- The majority of commercial real estate deals in D.C. are under 50,000 square feet.
- The neighborhoods of NoMa, Southeast Waterfront and Southwest Waterfront are now attracting a host of businesses.
- More businesses are downsizing, leasing smaller spaces to increase employee collaboration.
With a background that includes running CBRE’s DC office, Ernie Jarvis is well aware of the consolidation occurring within the commercial real estate sector and wants no part of it.
Jarvis recently announced the launch of Jarvis Commercial Real Estate, a full-service, hyperlocal brokerage that aims to be the opposite of global, publicly-traded real estate firms.
“A company of 100 brokers doesn’t feel personal anymore,” the fifth generation Washingtonian said. “When you grow to that size you dilute the value proposition, then you become a semi-giant. A lot of talented people don’t want to work in a global company.”
Jarvis doesn’t foresee his new firm growing beyond ten brokers and brokerage support staff, and anticipates serving a number of DC-based businesses and companies that prefer to work with a local firm.
“My premise is, if you’re moving to NoMa for 10,000 square feet do you really need a global firm that can do a deal in Singapore,” he questioned, adding most commercial real estate transactions in DC involve spaces of less than 50,000 square feet and local businesses. “The proposition that bigger firms are better simply isn’t true.”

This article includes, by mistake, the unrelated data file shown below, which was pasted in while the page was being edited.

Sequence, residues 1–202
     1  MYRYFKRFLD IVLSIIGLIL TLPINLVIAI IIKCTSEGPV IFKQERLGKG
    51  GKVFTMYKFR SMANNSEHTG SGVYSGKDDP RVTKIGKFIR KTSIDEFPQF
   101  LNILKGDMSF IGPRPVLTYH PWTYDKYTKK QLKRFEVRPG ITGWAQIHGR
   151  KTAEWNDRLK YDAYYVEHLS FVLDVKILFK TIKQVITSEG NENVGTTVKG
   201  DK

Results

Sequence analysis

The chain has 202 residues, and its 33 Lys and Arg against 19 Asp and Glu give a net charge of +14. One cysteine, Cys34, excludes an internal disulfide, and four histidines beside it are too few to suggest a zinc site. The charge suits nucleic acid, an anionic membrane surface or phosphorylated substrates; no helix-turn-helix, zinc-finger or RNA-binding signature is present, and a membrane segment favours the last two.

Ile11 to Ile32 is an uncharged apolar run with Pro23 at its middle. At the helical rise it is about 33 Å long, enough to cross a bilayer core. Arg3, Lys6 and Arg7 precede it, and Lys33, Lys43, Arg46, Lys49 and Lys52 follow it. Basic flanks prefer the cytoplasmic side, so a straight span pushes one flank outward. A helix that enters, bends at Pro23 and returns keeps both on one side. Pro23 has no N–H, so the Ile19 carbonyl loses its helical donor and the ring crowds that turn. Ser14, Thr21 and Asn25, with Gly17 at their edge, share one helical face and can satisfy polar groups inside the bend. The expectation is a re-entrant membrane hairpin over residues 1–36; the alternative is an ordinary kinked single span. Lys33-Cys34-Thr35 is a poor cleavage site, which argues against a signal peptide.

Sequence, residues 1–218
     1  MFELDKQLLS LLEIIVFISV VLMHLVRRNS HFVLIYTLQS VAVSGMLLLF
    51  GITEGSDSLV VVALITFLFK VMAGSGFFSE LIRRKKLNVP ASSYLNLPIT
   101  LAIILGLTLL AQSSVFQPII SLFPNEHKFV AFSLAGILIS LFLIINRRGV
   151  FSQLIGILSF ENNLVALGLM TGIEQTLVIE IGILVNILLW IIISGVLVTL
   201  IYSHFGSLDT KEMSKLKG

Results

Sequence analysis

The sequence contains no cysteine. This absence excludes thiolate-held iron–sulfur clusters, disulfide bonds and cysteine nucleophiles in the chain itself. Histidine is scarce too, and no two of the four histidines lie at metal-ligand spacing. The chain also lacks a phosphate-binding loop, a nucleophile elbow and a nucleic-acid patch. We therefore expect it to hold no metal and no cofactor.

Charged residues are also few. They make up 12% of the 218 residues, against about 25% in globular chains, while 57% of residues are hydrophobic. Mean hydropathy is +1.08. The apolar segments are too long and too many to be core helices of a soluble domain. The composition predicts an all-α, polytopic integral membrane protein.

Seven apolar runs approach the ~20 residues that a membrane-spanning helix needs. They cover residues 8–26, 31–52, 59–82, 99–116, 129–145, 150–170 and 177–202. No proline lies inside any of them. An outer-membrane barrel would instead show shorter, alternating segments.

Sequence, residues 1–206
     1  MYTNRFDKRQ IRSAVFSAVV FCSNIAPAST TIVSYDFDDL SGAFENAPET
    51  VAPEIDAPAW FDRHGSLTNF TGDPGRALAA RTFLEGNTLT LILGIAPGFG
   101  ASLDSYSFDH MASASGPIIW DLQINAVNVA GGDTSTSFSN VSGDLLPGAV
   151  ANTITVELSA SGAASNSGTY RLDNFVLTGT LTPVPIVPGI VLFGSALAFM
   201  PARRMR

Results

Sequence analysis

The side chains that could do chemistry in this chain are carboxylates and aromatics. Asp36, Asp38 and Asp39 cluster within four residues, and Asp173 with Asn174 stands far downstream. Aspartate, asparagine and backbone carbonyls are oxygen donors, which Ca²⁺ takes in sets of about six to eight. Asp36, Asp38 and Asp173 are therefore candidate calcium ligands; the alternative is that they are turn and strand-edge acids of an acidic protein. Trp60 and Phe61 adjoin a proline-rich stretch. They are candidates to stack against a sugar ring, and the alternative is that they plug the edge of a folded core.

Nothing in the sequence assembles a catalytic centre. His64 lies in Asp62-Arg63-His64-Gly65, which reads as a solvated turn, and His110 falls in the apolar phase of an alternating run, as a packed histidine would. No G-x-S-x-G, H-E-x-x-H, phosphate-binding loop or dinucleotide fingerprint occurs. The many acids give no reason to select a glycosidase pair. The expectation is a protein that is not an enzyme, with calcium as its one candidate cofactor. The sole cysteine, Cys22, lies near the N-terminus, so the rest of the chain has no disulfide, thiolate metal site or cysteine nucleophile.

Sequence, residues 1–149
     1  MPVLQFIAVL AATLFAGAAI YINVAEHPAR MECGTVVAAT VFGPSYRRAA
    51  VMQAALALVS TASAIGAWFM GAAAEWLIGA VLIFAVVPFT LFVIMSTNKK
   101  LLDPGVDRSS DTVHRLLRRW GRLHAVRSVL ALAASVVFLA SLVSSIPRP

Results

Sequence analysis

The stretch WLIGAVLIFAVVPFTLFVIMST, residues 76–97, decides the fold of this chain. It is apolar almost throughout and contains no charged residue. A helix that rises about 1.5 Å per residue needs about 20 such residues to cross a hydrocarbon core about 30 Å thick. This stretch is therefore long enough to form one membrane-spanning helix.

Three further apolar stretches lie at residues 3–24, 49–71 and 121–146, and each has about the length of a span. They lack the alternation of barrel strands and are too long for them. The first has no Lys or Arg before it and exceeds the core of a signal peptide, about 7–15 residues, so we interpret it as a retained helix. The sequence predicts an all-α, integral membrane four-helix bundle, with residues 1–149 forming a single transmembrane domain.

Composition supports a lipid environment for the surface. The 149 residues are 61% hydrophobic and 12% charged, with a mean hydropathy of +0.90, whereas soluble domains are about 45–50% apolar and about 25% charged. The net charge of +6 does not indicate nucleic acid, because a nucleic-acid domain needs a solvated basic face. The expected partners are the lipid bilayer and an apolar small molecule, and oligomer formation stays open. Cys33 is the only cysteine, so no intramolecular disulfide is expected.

DC commercial real estate trends
Jarvis is noticing several trends in the Washington, D.C. commercial marketplace, more companies leasing smaller spaces and companies setting up shop in neighborhoods that were undesirable ten years ago.
For his new office, Jarvis anticipates leasing a smaller space in a move to create a more collegial environment that encourages collaboration.
Following a billion dollars of commercial development by institutional groups, the neighborhoods of NoMa, Southeast Waterfront and Southwest Waterfront are attracting a host of businesses.
Creating hyperlocal brokerages in DC isn’t exclusive to the commercial sector. Recently Hans and Steve Wydler formed an independent residential brokerage, Wydler Brothers Real Estate. The brothers were previously with Mid-Atlantic-focused Long & Foster, which is said to have more than 200 sales offices and 11,000 sales associates.